In the end this total war plan is destroying our economy at home. More than 40 states are now in fiscal crisis. Here in Maine public education is being eviscerated and social programs are next on the block to have their heads removed. But teachers or workers inside of the social service agencies are unwilling to raise their voices and say the obvious bring our war $$ home so we can maintain social progress. They have been made job scared. Instead, they call for more taxes that an already belabored public rejects out of hand, and they are dismissed as socialists. Thus those trying to preserve domestic tranquility get marginalized. Meanwhile, few are willing to make the connections and speak the truth about the very real, local consequences of endless war.
So as Obama’s total war rages overseas it is also being waged on us here at home. Except, because they have us focused 24-7 on the antics of a hapless airplane bomber, we are taking our eyes off the ball that is being ripped right out of our hands. That is the value of Obama, the magician.
We have sadly become slaves, chained to wars, as we watch our very social fabric torn apart. But we remain silent, as we have been programmed to do. And still, in the midst of all that, we boast about our great freedoms here at home as we strip down to our underpants at the airline security check-in.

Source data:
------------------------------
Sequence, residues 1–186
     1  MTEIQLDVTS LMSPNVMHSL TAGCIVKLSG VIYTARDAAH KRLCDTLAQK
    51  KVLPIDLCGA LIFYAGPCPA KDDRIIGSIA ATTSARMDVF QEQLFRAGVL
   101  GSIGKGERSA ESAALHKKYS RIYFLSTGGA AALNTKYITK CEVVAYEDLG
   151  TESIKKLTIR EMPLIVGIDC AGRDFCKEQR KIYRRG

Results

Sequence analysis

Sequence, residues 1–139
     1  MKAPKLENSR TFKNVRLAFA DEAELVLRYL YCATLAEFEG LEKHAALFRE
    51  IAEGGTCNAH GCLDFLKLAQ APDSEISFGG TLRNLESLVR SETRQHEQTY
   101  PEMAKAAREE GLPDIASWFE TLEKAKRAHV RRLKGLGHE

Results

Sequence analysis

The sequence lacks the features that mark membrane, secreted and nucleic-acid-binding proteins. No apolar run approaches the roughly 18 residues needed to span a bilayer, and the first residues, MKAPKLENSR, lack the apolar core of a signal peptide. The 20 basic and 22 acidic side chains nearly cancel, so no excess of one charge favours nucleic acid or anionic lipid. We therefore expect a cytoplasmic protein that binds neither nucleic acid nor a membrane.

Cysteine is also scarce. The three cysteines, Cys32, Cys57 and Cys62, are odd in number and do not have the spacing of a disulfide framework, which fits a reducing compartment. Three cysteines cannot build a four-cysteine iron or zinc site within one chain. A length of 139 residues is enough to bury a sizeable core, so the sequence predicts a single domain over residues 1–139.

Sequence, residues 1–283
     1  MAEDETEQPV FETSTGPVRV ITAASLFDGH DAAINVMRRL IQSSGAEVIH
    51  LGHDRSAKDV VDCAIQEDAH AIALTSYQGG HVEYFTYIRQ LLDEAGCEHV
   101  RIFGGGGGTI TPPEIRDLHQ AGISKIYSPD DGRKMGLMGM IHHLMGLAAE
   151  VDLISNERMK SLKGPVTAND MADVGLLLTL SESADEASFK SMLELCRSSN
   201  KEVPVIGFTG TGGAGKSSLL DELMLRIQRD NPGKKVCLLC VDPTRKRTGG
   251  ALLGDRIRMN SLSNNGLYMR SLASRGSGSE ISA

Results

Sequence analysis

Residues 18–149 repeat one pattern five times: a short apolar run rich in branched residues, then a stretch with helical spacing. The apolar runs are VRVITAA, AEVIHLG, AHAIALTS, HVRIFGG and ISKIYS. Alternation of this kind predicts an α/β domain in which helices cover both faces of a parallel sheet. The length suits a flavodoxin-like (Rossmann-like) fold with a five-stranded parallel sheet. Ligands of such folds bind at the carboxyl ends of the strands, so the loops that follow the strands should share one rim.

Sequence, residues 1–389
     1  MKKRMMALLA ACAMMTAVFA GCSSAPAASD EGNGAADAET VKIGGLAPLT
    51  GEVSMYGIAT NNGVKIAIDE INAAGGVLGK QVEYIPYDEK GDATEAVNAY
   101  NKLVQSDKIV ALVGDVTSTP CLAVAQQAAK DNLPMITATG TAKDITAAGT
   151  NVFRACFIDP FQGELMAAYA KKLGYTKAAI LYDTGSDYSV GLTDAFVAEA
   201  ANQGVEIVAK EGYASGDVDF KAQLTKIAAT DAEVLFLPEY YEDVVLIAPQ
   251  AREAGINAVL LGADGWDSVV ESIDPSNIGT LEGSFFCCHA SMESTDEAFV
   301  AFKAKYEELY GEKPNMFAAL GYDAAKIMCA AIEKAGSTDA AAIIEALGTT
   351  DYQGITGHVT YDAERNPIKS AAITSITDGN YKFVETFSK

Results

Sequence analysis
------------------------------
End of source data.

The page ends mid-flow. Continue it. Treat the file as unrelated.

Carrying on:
There is a way out but it takes courage. The courage to speak up, to defend our constitution, to defend social progress, to defend the future generations. Real courage is needed to call for an end to total war.
Bruce Gagnon is the Coordinator of the Global Network Against Weapons & Nuclear Power in Space.
Cause and Effect in the ‘Terror War’ December 29, 2009Posted by rogerhollander in Iraq and Afghanistan, Pakistan, War.
Tags: Afghanistan, afghanistan surge, afghanistan troops, Afghanistan War, al-Qaeda, cia drone, civilian casualties, drone missiles, glenn greenwald, muslim, muslim civilians, muslim countries, obama administration, pakistan, pakistan bombing, roger hollander, somalia, terror war, terrorism, terrorist attack, war on terrorism, yemen, yemen bombing, yemeni extremists, yemeni government
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“In all their alleged allegedness, this Administration has an allergy to the concept of war, and thus to the tools of war, including strategy and war aims” — Supreme Tough Guy Warrior Mark Steyn, National Review, yesterday.